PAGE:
Twenty-four growing swine and 24 growing rats were fed high-protein (34%) diets on an ad libitum basis to determine their effects on body weight, carcass characteristics, intestinal microbiological profile and visceral organ weights. High dietary fiber reduced body weight gain and gain:feed ratio in both swine and rats and decreased body fatness in swine; it increased relative kidney weight (percentage of body weight) in both swine and rats and decreased relative liver weight in rats but increased it in swine. Absolute weights of stomach and large intestine were unaffected by high fiber in either species, but relative weight of small and large intestine was increased in swine and relative weight of stomach was increased in rats. High dietary protein increased absolute and relative weights of kidneys in both species and increased relative liver in swine but not in rats. Absolute weight of large intestine was increased by high dietary protein in rats and tended to be increased in swine; relative large intestine weight was increased in both species. The microbial profile of large intestinal contents of rats showed no effect of diet on Enterobacteriaceae, Campylobacter, Salmonella or total anaerobes and cellulolytic organisms, but coliforms were higher in rats fed high fiber or high protein than in controls. We conclude that dietary levels of fiber and protein influence growth of specific segments of the gastrointestinal tract of growing rats and swine, probably by different mechanisms of action.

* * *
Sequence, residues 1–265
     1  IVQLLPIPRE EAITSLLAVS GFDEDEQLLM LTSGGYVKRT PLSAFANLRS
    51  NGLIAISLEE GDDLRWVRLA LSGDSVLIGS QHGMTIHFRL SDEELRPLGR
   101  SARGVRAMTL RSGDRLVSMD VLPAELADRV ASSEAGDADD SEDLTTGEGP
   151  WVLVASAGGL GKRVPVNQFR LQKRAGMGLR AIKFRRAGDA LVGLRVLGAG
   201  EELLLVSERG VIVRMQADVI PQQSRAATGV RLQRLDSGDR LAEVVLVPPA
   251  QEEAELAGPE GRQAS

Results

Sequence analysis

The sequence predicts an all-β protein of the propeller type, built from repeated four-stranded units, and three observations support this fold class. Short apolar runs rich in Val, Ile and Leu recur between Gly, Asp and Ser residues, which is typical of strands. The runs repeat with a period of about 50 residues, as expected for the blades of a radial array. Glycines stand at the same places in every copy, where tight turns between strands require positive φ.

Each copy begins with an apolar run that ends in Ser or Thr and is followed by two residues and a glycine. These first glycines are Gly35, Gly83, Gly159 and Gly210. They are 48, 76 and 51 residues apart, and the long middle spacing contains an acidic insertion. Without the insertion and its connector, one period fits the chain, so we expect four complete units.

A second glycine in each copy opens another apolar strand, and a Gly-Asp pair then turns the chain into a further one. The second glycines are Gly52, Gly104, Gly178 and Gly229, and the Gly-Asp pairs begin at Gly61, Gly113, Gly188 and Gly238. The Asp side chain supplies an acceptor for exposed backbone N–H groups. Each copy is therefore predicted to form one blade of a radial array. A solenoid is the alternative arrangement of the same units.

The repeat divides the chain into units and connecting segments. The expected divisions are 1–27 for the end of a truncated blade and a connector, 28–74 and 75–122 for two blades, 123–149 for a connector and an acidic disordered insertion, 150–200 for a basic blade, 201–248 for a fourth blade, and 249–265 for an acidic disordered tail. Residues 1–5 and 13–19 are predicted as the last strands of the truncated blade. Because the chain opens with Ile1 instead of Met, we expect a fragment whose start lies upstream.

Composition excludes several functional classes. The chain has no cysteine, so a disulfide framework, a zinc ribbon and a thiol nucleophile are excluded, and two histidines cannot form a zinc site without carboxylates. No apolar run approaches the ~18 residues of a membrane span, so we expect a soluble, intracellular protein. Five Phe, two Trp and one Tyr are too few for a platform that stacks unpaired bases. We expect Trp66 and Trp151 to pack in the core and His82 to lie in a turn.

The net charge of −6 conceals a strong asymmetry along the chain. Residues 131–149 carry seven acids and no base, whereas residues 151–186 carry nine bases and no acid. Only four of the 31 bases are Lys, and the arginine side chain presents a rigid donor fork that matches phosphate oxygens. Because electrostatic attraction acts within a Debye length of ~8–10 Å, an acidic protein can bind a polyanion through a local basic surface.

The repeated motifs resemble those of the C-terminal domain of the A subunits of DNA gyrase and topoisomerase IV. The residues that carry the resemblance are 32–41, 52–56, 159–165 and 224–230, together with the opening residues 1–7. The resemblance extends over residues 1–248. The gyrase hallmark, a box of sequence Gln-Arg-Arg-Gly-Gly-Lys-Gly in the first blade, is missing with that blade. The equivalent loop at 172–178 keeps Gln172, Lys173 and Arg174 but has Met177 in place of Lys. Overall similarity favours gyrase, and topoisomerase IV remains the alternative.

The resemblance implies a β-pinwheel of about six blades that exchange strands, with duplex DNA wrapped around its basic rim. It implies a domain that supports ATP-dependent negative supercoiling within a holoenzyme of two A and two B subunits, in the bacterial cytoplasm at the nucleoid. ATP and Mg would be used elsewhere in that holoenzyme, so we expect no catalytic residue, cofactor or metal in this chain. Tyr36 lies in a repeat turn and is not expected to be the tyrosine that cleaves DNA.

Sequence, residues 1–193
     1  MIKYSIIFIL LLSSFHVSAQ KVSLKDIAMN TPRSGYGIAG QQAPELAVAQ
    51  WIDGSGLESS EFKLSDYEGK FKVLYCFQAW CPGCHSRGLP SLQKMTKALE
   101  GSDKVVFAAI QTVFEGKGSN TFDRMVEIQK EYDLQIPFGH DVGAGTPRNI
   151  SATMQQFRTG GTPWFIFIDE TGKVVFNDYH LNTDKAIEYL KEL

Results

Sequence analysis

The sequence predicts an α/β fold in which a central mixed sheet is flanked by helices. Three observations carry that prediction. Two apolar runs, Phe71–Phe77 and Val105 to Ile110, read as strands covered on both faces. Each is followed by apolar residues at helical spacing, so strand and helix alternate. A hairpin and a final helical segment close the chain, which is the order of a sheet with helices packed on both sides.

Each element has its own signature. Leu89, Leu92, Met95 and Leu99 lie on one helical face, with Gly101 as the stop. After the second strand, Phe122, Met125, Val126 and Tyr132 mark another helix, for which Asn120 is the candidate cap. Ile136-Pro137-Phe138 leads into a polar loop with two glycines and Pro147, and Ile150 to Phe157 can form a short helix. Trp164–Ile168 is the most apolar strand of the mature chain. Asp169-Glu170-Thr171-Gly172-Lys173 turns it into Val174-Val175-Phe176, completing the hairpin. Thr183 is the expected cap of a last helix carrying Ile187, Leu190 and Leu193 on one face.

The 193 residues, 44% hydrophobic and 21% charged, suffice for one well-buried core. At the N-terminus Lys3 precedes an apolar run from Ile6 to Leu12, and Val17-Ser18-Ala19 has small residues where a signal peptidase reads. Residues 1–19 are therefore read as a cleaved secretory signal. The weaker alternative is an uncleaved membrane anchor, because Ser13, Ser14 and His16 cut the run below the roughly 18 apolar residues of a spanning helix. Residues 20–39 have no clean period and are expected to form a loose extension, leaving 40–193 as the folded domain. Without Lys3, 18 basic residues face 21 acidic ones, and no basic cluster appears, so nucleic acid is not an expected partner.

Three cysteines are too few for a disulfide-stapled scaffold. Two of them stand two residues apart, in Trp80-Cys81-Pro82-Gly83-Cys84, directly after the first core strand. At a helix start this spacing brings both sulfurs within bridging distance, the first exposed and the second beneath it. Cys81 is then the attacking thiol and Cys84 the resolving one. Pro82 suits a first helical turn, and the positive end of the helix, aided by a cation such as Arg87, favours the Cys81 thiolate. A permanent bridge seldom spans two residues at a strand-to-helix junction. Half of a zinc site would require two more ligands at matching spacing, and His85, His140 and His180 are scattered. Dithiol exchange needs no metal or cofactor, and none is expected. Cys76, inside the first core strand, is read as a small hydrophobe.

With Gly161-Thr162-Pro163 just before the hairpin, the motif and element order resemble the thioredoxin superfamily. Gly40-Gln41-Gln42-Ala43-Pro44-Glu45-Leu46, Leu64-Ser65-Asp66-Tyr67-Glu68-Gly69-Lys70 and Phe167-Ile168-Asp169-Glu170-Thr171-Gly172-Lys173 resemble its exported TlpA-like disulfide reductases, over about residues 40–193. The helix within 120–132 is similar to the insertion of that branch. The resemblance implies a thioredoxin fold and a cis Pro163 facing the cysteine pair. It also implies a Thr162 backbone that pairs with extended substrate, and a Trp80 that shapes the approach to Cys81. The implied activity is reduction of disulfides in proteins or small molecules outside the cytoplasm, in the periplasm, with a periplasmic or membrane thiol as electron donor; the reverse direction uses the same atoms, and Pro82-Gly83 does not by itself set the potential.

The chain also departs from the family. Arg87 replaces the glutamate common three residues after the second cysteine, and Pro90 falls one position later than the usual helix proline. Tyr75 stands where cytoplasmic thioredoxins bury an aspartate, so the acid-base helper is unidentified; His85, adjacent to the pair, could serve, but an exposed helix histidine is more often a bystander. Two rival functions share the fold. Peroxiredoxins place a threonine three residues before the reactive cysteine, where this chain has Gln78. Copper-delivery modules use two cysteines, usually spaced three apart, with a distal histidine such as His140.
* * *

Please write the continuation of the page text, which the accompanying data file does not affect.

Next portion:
|Original language||English (US)|
|Number of pages||8|
|Journal||Journal of animal science|
|State||Published - Mar 1989|
ASJC Scopus subject areas
- Food Science
- Animal Science and Zoology